The brand guide is the roadmap for employees and ensures consistency across the company. Josh will help you create a brand book that is comprehensive, actionable, and easy to use in Building a Brand Book: When, Why, & How. 

Josh is a veteran branding professional and in this class he’ll show how to create complete brand guidelines and adhere to them. 

You’ll learn: 

  • What a brand guide is and how to use it 
  • Components of a brand guide and how to create your own 
  • How large and small businesses apply brand guidelines 

Whether you are a designer working with clients, a solopreneur, a small business owner, or working on branding in-house, Building a Brand Book: When, Why, & How with Josh Silverman will help you develop a better understanding of branding and how to develop guidelines everyone can use.


Yi Ji

WOW, really worth the money, information is real, up to date, the quality of audient also good, they ask really real question, not those kind of 'performance' course. Thanks!


This class has potential, but misses the mark for me. The first thing that I noticed was the fact that the video and the sound do not sync with each other. It feels like you are watching a foreign move with English dubbed over the lip movements of another language. It is often hard to hear the audience questions as they do not hand around the usual 'creative live wireless audience microphone' and I think that was a mistake. The topic is a good one and the speaker is appears to understand his craft but a lot of the 'talk' in the first few videos could be removed by a clear definition of terms in the very very beginning of the class. If feels like it is flowing on an off the cuff manner and is lacking the structure that Creative Live known for. Instead of spending so much time asking the students about their understanding of what brand identity is and way to many quotes... I would like to see some practical how to advice early on in the class. I would love to see more classes covering this topic from people like Sean Adams or Alina Wheeler :) I am sure this class will get better the further I get into it and I normally do not write a review before I have listened to the entire class. Also I purchased it at a deeply discounted rate so even with those issues factored it is is still work what I payed for it. :)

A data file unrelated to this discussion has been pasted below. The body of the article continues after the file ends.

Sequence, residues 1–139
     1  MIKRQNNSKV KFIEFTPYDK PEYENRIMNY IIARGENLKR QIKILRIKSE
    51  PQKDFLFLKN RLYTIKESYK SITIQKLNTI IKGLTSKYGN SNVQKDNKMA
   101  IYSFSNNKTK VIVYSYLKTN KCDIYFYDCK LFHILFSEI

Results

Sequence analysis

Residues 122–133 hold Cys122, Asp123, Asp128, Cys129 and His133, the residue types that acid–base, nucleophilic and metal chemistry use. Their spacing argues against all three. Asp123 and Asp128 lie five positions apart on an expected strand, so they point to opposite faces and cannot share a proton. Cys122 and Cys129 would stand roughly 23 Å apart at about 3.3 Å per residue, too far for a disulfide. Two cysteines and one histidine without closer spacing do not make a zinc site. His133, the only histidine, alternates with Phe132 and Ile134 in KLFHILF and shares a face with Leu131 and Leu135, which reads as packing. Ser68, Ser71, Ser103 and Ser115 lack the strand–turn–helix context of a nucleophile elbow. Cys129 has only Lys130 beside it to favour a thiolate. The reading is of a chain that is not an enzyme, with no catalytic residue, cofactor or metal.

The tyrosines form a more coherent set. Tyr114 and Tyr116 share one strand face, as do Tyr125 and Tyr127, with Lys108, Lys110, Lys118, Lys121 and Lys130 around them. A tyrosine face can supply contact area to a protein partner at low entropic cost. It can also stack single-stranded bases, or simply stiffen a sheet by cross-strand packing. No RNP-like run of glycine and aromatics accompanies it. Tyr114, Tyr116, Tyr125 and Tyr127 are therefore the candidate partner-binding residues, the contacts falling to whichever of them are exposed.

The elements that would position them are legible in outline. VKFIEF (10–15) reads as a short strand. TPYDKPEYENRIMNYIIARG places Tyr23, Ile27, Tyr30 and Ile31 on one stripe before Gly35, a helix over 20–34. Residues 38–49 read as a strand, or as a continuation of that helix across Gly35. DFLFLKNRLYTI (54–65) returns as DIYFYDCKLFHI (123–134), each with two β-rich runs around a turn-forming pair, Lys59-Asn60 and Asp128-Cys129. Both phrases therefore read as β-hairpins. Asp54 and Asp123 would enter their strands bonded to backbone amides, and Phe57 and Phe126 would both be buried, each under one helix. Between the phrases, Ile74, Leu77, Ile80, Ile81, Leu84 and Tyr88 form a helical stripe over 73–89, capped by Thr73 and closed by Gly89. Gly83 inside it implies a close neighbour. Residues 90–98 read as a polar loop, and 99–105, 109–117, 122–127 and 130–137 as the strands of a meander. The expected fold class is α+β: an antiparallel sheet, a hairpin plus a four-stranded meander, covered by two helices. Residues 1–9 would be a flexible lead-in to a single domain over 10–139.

Absolutely relevant and interesting content, made through example classes. The way the material is exposed is very good. One single critic, since the headline is really precise on the topic I expected more on the "how" but the course doesn't really teach a "system" to create a brandbook, like choosing wich documents are to be included and how to make and expose them depending with the client needs. The course is all about the why explained through case studies, which is good but partly neglect the headline promise. Anyway this is still an excellent course but I thought it would be useful to point out this aspect.